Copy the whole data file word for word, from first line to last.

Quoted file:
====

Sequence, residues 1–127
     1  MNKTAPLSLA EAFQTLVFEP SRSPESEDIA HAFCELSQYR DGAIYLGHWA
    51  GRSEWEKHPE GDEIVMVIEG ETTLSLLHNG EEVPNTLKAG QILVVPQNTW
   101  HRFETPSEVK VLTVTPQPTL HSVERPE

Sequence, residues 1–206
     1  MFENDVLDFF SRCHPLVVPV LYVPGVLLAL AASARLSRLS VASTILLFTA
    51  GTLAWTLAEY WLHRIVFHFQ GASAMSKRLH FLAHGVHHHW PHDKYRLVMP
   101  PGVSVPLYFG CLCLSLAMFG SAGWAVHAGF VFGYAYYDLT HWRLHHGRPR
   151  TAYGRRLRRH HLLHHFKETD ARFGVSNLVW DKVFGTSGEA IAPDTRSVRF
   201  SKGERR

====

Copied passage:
Sequence, residues 1–127
     1  MNKTAPLSLA EAFQTLVFEP SRSPESEDIA HAFCELSQYR DGAIYLGHWA
    51  GRSEWEKHPE GDEIVMVIEG ETTLSLLHNG EEVPNTLKAG QILVVPQNTW
   101  HRFETPSEVK VLTVTPQPTL HSVERPE

Sequence, residues 1–206
     1  MFENDVLDFF SRCHPLVVPV LYVPGVLLAL AASARLSRLS VASTILLFTA
    51  GTLAWTLAEY WLHRIVFHFQ GASAMSKRLH FLAHGVHHHW PHDKYRLVMP
   101  PGVSVPLYFG CLCLSLAMFG SAGWAVHAGF VFGYAYYDLT HWRLHHGRPR
   151  TAYGRRLRRH HLLHHFKETD ARFGVSNLVW DKVFGTSGEA IAPDTRSVRF
   201  SKGERR